Dr.Bernardo was famous for taking pictures of the thin and bedraggled children he took off the street and then after a year's time taking another picture of the child after a year of good food and in clean clothing. From showing his successes he collected a great deal of money and, I believe, helped many children. I'm happy my father was one of them. I know that Dr. Bernardo's Homes came under scrutiny for misusing funds and the children a while ago, hopefully they are back on track.
                 The family my father went to was welcoming and treated him as one of their own. So not all of the kids off the street became slaves.
                 Incidents like slave children happened in the United States when homeless children from large eastern cities were put on trains and shipped to the midwest to work in the fields. I'm not sure of the era. 
                 Mistreating children is a criminal act.




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          • Terry Foreman
            ... Though this topic-creep, concerning the orphan trains see http://www.uoregon.edu/~adoption/topics/orphan.html There were abuses, but also In spite of
            Message 5 of 6 , Apr 28 11:23 PM
              At 12:57 AM 4/29/2008 -0400, Ellen wrote:
              >Incidents like slave children happened in the United States when homeless
              >children from large eastern cities were put on trains and shipped to the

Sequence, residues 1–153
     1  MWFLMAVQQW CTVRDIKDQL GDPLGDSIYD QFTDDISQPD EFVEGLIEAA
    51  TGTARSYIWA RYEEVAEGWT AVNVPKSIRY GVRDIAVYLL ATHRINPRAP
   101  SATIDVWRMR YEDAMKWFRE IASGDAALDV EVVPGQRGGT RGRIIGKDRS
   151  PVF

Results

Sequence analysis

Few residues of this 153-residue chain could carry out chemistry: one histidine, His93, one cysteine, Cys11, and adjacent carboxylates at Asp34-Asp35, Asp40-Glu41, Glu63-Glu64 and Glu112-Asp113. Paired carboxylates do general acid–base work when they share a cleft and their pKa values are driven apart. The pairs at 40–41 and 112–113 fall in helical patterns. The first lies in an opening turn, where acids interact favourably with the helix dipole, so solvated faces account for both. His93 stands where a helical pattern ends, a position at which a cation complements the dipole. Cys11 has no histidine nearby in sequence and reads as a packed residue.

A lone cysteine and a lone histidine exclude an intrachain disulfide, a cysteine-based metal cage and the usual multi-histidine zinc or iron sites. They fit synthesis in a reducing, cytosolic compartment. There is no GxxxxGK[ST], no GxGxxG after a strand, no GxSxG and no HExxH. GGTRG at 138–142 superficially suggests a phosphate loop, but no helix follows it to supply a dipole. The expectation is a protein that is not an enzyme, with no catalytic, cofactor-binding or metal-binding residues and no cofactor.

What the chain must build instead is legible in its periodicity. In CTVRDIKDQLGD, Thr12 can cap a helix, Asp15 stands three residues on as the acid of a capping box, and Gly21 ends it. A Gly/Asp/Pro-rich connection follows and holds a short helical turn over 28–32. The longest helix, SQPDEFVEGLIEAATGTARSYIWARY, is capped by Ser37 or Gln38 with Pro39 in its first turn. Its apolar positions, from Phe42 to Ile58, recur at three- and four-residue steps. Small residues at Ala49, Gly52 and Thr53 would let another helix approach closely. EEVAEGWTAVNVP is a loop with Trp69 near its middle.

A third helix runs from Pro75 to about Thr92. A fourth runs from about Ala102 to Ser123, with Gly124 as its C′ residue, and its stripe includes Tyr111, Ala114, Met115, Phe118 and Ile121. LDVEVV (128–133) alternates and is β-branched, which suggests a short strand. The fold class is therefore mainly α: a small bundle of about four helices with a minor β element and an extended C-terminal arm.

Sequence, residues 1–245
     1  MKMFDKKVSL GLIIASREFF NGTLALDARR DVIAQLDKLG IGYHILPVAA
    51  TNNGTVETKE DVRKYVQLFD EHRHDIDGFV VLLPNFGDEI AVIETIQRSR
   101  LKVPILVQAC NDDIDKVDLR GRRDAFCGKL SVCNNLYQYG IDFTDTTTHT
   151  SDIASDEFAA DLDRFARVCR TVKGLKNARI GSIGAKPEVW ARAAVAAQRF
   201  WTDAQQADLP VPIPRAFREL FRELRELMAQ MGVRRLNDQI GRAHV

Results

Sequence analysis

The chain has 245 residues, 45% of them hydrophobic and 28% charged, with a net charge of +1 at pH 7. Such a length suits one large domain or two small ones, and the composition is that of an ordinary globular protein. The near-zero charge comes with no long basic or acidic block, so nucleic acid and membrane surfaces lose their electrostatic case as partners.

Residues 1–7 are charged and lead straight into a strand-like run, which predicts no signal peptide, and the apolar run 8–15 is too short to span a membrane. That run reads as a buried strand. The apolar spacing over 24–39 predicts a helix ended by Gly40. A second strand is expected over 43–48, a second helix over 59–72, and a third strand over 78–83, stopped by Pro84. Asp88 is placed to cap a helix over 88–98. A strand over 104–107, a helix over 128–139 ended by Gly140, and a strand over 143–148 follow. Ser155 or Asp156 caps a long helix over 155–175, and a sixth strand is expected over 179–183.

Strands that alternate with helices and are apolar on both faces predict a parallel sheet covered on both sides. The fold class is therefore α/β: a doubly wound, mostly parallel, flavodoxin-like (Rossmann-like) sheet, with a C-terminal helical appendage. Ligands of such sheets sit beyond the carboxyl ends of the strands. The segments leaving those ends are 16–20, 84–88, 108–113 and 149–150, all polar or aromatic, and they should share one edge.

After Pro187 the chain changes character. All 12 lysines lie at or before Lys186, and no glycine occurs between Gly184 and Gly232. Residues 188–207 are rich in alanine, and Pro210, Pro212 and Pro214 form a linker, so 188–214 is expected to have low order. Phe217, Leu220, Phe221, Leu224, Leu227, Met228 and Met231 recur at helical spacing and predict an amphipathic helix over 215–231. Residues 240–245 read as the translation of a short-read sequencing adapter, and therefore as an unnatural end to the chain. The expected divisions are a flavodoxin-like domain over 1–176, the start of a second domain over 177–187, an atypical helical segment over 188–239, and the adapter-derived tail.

>midwest to work in the fields. I'm not sure of the era.
              > Mistreating children is a criminal act.

              Though this topic-creep, concerning the "orphan trains" see

              http://www.uoregon.edu/~adoption/topics/orphan.html

              There were abuses, but also "In spite of the trains' stated intention, they
              did not permanently separate most children, geographically or culturally,
              from their parents and communities of origin. Well into the twentieth
              century, impoverished but resourceful parents took advantage of the
              services of middle-class child-savers for their own purposes, including
              temporary caretaking during periods of economic crisis and apprenticeships
              that helped children enter the labor market. "

              There were no oceans crossed.

              Terry Foreman